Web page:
There are many folk remedies for acne. One of the ones we’ve heard about is using jojoba oil or coconut oil for acne. People who use jojoba oil for acne recommend putting it on acne lesions and skin whereas people who recommend coconut oil for acne recommend consuming it orally or putting it on acne lesions and on the skin. Let’s take a look at the research to determine which oil, if any, is better for acne.
Topical Jojoba Oil for Acne
When comparing the two oils side by side you will notice that jojoba oil is a liquid whereas coconut is a solid. This is because coconut oil is rich in saturated fats. For topical use jojoba oil’s advantage is that it more closely mimics the oils normally produced by your skin. Applying a saturated fat to your skin can clog pores and worsen acne.
Topical Jojoba Oil for Acne Study
Only 1 study was found where topical jojoba was used.1 The oil was not applied directly but was infused into a clay mask. It was not blinded and followed 194 individuals (192 females and 2 males) with acne through a self-survey as they used a clay mask with jojoba oil on their faces two to three times weekly for six weeks. By the end of the study the subjects documented an average 50 percent reduction in the number of skin lesions, with actual pustules (whiteheads) reduced from an average of seven per patient when treatment began to three when the study concluded.
Topical Jojoba Oil for Acne Critique
While the study shows some promising results for the topical use of jojoba oil for acne, it is prone to bias. The subjects were not blinded meaning they all knew they were using a treatment. The lesion counts were performed by the patients instead of an impartial third party or medical expert. Furthermore, there was no control group so it is also difficult to attribute the acne-fighting effects to either:
- The use of a clay mask
- The act of washing the face after using a clay mask
- The jojoba oil in the clay mask
It is likely that some combination of the three contributed to the observed decline in acne. Clay works for acne because it helps remove oil from the skin. Clay also interacts with bacteria and the use of a clay mask may help remove acne causing bacteria from the skin.2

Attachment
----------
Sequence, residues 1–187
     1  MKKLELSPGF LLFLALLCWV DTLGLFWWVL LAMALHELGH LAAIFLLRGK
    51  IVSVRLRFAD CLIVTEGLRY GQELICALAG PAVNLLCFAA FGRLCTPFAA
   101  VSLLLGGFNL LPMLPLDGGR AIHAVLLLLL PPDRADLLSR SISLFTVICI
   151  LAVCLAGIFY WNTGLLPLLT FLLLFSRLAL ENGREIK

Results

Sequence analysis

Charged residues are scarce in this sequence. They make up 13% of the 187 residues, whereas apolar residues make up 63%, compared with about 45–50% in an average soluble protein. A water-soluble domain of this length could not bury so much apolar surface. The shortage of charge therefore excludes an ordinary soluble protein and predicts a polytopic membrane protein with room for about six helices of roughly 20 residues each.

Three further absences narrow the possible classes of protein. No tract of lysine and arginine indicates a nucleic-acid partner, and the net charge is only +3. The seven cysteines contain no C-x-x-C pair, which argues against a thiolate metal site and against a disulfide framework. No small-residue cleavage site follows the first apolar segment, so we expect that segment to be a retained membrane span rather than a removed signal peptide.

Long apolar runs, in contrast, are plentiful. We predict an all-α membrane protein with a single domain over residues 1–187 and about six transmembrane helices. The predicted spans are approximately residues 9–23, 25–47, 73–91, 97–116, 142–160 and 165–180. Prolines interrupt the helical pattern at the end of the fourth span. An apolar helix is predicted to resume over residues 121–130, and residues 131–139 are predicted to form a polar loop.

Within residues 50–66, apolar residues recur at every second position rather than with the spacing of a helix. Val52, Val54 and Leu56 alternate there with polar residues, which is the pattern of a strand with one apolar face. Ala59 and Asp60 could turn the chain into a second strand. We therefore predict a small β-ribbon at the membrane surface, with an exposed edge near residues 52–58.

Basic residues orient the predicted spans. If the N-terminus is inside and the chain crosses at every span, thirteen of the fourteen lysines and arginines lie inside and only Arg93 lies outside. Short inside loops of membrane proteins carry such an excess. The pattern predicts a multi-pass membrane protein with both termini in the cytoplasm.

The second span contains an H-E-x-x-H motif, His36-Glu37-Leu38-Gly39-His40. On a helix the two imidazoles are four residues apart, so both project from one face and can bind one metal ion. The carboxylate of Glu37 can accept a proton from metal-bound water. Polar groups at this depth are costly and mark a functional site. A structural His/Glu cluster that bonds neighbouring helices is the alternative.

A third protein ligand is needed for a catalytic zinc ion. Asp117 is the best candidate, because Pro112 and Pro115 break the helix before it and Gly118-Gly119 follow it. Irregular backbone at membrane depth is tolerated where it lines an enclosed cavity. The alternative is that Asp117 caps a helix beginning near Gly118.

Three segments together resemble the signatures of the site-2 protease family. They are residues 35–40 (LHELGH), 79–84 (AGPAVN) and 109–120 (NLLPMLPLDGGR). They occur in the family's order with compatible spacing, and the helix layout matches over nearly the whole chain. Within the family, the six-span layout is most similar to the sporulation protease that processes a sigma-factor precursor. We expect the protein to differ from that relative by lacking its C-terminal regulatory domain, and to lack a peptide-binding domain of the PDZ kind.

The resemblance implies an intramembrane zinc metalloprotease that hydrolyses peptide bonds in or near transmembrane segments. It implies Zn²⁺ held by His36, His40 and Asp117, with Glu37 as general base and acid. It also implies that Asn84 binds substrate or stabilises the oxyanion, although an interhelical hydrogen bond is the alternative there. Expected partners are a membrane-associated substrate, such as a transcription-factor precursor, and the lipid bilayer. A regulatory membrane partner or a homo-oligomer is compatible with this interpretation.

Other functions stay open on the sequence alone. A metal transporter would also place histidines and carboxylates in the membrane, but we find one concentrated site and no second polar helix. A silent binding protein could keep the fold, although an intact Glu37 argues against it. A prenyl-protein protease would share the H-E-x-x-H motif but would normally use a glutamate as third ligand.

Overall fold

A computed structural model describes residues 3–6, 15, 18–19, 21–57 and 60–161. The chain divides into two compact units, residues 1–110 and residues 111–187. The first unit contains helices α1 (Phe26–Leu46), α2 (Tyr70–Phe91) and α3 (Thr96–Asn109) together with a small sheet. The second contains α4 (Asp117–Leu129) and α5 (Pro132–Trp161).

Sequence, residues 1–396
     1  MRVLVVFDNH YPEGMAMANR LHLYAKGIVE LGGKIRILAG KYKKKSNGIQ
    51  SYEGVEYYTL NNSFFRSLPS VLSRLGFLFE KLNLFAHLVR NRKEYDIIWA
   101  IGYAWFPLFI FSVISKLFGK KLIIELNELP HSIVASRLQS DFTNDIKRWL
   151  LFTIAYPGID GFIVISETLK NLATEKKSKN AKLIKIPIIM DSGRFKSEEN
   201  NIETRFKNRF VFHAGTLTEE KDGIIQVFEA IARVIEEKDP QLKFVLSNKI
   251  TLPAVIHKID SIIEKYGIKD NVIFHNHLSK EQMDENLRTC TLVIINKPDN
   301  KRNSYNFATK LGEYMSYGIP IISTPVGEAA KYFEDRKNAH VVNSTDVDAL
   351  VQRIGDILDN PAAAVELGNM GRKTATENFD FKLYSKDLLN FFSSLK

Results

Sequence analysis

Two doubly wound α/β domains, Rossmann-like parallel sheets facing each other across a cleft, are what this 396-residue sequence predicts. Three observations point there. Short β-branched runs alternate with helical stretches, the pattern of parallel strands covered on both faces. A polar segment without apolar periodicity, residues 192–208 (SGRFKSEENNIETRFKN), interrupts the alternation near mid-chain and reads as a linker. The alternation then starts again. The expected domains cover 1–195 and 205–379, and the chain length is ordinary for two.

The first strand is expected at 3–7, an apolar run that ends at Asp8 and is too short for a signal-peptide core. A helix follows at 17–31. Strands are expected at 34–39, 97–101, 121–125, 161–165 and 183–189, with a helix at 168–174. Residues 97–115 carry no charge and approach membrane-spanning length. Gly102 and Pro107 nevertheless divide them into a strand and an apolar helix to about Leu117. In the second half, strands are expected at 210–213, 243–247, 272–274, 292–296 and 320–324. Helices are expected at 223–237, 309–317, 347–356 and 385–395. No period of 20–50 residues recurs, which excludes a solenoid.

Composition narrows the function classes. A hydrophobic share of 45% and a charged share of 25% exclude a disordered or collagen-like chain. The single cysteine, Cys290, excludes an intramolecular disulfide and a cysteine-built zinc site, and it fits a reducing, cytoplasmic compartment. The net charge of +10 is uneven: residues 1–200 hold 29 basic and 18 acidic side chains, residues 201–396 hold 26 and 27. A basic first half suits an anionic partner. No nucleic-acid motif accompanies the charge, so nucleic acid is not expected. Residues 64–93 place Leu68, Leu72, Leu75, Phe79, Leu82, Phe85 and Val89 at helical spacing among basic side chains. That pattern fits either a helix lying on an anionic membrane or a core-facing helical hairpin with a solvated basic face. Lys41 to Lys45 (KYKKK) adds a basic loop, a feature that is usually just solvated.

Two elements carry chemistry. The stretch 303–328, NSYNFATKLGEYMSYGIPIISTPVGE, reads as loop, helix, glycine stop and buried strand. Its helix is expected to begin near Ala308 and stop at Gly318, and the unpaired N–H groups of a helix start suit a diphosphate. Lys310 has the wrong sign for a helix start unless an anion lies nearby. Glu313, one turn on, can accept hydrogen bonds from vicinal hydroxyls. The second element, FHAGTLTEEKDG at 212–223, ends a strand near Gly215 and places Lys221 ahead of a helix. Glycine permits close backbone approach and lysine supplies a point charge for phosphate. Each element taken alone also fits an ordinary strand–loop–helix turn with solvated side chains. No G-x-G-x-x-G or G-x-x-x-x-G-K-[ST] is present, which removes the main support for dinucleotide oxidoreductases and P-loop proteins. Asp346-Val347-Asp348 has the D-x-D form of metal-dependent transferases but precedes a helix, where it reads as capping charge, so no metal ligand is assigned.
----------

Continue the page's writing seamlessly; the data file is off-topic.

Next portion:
Topical Coconut Oil for Acne
As mentioned before coconut oil may not be the best oil to apply topically for acne because it is a saturated oil that is solid at room temperature which may clog pores and cause more acne. However, half of coconut oil’s fatty acids contain medium-chain lauric acid, which may kill harmful bacteria, viruses, and fungi. Lauric acid itself can kill P. acnes, the bacteria that contributes to acne—in fact, a study in mice published in the October, 2009 edition of the Journal of Investigative Dermatology shows that lauric acid is even more effective in destroying P. acnes than benzoyl peroxide, a popular over-the-counter acne treatment.3 Unfortunately, the lauric acid in coconut oil is not effective if consumed orally as it is metabolized by the body.
Coconut’s Role in the Anti-Acne Diet
Coconut does have other benefits when consumed orally as part of an anti-acne diet. Acne has been characterized as a “disease of western civilization” and its roots are found in diet and lifestyle. The Kitavans, a hunter-gatherer group living on an island, have a diet that consists only of tubers, fruit, fish, and coconut. Despite analyzing the adolescent population of the island, the researchers were unable to find a single case of acne.4
The researchers attributed this to the Kitavan diet which has a low-glycemic index compared to Western diets. Low glycemic index diets do not cause a drastic spike in insulin and insulin-like-growth-factor 1 (IGF-1) levels that have been implicated in the cause of acne. Western diets tend to consist of highly processed foods that cause blood sugar spikes.
Is Jojoba Oil or Coconut Oil Better for Acne?
The bottom line is that jojoba oil and coconut oil both have their roles in the treatment of acne. Jojoba oil may be utilized as part of a daily skin care regiment and coconut oil can be used as part of a low-glycemic index diet for acne in addition to taking supplements for acne.
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